Stamping Inks and What Makes Them Unique


I was asked to explain the differences between the various types of stamping inks that are available on the market today. And it’s a great question because a few years ago, I couldn’t keep them straight either. I’ve gathered information from various websites to answer that question.

Dye ink: Dye based ink pads are water based and essentially leave a stain on the paper. Thus, they will run if they get wet and their colors aren’t as vibrant as some other inks. On the plus side, they dry quickly and leave a very crisp image so they are good for highly detailed stamps. They are easy to clean as they leave very little residue on the stamp, although some darker colors leave a stain. Stamp cleaning solution will get a stamp clean regardless of the colors that have been used. As the name suggests, they are made with water.  Because of this, they can soak into the paper and possibly leave not quite as crisp of an imprint.

Pigmant ink: Pigment based inks are also water based but, unlike dye inks, they contain little particles of color. Because of this, they leave an impression that is more vibrant and more resistant to water (once dry) than their dye based counterparts. They also stay wetter longer so they are suitable for embossing. On the negative side, they can’t be used on gloss stock – they smear. A stamp inked with pigment ink can usually be cleaned with a wet paper towel but the darker colors may require the use of a stamp cleaning solution. This is also waterbased but is a little thicker than dye ink and is slower to dry. The pigment stays on the surface of the paper. That means less ink needs to be used to create the same intensity of color.

Permanent ink: Permanent ink is water and bleed resistant and dries quickly. It’s great for stamping on unusual surfaces such as glass, wood, plastic and acetate. Most of the time, you will have to use a stamp cleaning solution to get all the ink off of the stamp.

Embossing ink: Embossing ink stays wet for very long time and is used only if you intend to emboss the image (For the uses of embossing ink read the article, “How To Emboss”). It comes in a variety of colors like the other inks but it is also available in a clear variety. Embossing ink is relatively sticky and should be removed with stamp cleaning solution.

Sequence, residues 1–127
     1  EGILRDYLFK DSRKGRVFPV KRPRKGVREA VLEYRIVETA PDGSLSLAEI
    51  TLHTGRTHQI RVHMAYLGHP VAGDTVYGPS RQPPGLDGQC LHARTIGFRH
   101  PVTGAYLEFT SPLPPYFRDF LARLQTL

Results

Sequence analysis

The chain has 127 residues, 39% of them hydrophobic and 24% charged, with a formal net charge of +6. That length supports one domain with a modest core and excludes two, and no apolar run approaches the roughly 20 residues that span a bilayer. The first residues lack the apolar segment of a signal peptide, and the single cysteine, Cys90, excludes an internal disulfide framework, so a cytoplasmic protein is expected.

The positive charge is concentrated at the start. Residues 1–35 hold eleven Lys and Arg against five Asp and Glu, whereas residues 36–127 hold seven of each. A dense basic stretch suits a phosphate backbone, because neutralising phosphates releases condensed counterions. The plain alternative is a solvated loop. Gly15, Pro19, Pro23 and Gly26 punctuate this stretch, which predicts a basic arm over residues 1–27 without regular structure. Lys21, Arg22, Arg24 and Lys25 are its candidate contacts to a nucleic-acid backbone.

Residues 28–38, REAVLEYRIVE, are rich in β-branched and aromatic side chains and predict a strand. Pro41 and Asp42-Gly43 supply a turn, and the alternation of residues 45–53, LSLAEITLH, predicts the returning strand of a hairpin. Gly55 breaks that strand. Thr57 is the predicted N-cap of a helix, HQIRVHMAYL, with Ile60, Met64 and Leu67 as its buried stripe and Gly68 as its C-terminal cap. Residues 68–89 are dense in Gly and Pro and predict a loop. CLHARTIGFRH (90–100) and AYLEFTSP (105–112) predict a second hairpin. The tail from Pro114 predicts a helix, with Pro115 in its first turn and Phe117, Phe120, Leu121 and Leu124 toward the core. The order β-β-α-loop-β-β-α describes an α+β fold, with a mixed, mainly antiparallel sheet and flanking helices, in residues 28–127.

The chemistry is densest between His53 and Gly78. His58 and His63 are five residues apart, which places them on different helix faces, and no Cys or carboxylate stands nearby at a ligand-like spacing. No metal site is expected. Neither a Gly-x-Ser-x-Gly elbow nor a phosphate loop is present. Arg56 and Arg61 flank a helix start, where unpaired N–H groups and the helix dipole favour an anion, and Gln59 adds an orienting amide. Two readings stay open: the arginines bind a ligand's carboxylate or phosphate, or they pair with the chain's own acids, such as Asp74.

Metallic Ink: Metallic Pigment is also water based but usually includes a little bit of oil.

Walnut ink: Walnut ink is made from the green husks of walnuts and water.  Also found in crystal form that can be mixed with water.  Used frequently to darken paper or create an aged look.
Chalk ink: Chalk inks typically give a softer look. They are also usually available in smaller sized stamp pads, such as VersaMagic Dew Drops by Tsukineko or Cat’s Eye Fluid Chalks by ClearSnap/ColorBox. The smaller size ink pads let you get more colors for the same amount of money and they are easier to store. You can use them to ink up stamps much larger in size – and they are handy to use to ink up the edges of cardstock before layering it on your project. You can make a resist on glossy cardstock by stamping in VersaMark (a watermark pigment ink) and then heat embossing the stamped image with clear embossing powder. Then rub chalk inks over top to “reveal” the resist image. Buff the color off the embossed areas and you’re through!

Solvent ink: This category mainly refers to Tsukineko’s Staz-On inks and Ranger’s Alcohol Inks. You can use these special inks to stamp on non-porous surfaces, such as metal, acetate, etc. You can make cool, see-through cards or color your own brads and eyelets. Because they can be used to color everything, they are a little harder to clean up, may require a special cleaner or a bit more scrubbing, and they may leave a tint behind on your clear stamps. This is normal and should not affect future stamped images.



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